Tax Documentation New York/New Jersey Metro Filers Should Keep and Why

Yes, it’s true, New York/New Jersey Metro friends… the financial markets look pretty rough as I write this, on top of a pretty rough end of last week. Inflation continues to wreak havoc … and the smartypants quants in Wall Street don’t seem to have confidence that the government or the Fed are making the right moves.

Many of my clients could give a rip about the financial markets (as they’re more concerned with what I have to say about tax documentation), but it affects many retirees, and also small businesses who are connected to or serve public companies. Buckle up friends … we’re not yet out of the woods.

In an encouraging recognition of reality, last week the IRS announced a 4-cent/mile increase in the standard mileage rate for the rest of 2022 bringing it to 62.5 cents per mile. At least that’s one bright spot in the rising gas prices reality we’re living in (albeit, a very tiny spot).

And to continue the IRS’s giving spirit to help out U.S. taxpayers like you, the IRS recently wrapped up its 2022 Dirty Dozen tax scams list… to help you stay in the know and avoid falling afoul of those predators – because it can get really messy to undo the damage of a tax scam. 

If you or someone you know is caught in a mess like that and needs some expert help to find a way out, well, that’s one of the many things we’re here for:
calendly.com/info-tax718/15min

But one great way to protect yourself (from scam artists… or from when the IRS takes a “special look” into your tax records) is keeping your tax documentation on hand – and for the right amount of time. That way you have a defense when things aren’t going your way.

That doesn’t mean you have to hold on to everything and hold on to it forever. So, let’s jump into what to keep and how long. This might seem very boring to you – until it isn’t.

Tax Documentation New York/New Jersey Metro Filers Should Keep and Why
“If you wish to inflict a heartless and malignant punishment upon a young person, pledge him to keep a journal a year.” – Mark Twain

Remember when everybody thought paper (as in “paperwork”) was going to vanish soon? While e-filing and electronic tax documentation is becoming much more normalized, if your filing cabinets look anything like ours at the end of tax-filing season, paper sure is still hanging around.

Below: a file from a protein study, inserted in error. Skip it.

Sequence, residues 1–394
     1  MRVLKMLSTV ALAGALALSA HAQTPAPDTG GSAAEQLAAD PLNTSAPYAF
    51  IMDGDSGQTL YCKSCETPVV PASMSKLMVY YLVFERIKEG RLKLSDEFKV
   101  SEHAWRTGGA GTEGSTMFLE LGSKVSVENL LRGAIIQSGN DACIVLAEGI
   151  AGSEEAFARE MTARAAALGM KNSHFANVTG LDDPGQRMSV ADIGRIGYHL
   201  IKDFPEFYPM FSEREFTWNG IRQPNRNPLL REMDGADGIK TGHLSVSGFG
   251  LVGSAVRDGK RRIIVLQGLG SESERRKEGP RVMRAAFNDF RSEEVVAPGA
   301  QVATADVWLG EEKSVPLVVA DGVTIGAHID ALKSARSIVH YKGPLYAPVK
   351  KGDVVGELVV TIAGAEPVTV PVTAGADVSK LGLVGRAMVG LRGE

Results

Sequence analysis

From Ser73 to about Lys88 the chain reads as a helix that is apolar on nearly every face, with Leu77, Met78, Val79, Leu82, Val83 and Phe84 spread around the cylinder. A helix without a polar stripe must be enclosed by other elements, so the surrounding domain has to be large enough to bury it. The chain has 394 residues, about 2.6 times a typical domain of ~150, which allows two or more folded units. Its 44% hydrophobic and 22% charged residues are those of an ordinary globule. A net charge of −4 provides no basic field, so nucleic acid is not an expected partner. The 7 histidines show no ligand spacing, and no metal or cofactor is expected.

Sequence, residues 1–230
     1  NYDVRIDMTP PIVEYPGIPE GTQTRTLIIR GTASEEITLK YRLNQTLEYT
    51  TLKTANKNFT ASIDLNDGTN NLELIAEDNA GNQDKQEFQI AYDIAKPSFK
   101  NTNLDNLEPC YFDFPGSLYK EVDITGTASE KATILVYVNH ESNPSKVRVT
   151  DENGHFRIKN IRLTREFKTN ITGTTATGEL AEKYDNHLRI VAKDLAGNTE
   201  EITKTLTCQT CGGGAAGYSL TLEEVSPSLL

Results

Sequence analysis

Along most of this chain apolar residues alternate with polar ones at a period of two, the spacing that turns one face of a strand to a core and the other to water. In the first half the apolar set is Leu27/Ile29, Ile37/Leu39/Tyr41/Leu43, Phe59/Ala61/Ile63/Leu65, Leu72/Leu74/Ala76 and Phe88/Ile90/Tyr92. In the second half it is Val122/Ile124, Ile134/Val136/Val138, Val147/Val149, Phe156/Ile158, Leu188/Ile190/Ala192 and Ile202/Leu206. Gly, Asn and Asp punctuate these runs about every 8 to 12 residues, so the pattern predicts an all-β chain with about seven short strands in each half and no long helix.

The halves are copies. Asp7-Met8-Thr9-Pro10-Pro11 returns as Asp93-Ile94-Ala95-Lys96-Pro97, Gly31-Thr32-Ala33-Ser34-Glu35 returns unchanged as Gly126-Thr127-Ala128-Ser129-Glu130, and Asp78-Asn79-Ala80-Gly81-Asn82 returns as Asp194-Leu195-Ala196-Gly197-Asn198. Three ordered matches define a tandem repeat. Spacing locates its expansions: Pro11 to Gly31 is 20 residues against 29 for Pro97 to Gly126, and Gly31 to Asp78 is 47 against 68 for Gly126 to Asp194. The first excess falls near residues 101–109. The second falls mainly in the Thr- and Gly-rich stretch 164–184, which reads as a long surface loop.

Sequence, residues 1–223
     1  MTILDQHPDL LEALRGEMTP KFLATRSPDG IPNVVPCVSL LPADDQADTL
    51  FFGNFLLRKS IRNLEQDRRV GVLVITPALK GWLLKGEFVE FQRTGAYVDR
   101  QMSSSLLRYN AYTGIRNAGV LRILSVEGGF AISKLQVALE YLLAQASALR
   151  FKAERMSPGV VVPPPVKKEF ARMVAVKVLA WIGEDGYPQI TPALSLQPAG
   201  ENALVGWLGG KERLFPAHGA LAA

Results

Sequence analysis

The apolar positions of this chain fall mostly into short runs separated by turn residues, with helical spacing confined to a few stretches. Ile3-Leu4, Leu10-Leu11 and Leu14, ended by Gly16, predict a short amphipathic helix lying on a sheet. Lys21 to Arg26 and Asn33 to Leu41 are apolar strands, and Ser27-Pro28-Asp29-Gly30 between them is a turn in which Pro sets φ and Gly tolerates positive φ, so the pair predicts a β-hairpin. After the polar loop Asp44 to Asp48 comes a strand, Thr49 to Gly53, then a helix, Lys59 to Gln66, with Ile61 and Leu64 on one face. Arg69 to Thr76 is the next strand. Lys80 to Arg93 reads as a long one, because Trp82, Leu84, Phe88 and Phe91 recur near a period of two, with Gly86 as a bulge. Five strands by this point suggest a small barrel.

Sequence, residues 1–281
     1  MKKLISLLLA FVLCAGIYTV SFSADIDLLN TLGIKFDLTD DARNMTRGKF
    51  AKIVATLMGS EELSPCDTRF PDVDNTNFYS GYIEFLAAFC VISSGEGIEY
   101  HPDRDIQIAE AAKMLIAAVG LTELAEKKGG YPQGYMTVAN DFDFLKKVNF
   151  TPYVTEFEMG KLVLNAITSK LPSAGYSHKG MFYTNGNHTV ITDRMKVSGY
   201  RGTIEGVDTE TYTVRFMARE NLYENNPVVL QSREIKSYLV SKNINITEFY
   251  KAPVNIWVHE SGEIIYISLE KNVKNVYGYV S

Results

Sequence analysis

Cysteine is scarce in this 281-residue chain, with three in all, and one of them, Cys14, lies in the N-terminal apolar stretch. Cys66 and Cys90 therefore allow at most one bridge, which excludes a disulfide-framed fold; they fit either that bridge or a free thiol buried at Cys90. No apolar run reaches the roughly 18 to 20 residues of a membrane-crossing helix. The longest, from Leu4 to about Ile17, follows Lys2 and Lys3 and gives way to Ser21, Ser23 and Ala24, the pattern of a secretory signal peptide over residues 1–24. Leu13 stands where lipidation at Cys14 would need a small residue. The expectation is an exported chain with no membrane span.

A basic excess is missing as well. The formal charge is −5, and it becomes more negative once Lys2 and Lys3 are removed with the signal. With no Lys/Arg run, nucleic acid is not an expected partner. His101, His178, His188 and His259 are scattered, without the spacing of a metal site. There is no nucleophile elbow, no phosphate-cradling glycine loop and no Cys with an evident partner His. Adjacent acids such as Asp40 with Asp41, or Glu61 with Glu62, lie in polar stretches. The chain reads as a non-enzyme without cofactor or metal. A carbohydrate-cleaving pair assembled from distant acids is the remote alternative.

But regarding your taxes, how many of those paper records do you actually need to keep? And how long do you need to keep them? And what’s the best way to store them – in case you someday have to prove something you claimed on your tax return? 

The basics of tax documentation

Saving too many paper records is just as bad as not saving any – you’d never be able to find what you need (unless you’re just ridiculously good at keeping them organized – in something other than a box at the back of your closet). You’re looking to hit a balance of complete and adequate records stored neatly. 

Most obviously, keep the state and federal tax returns that you filed (the latter is the IRS Form 1040 or one of its variations). You also want to save anything that backs up what’s on your return, such as the Forms 1099, W-2s, and other income statements. 

You should also keep any 1099-Bs or 1099-INTs that you got from banks, brokerages, and investment firms. If you bought or sold mutual fund shares, stocks, or other securities, keep the confirmation slips or statements. (Should you need these in the future, some may be available online from the institutions’ websites – more on electronic storage in a bit …). 

Other circumstances might require you to keep other records: 

  • If you lost your job last year and got Unemployment, keep the 1099-G that reports what you received.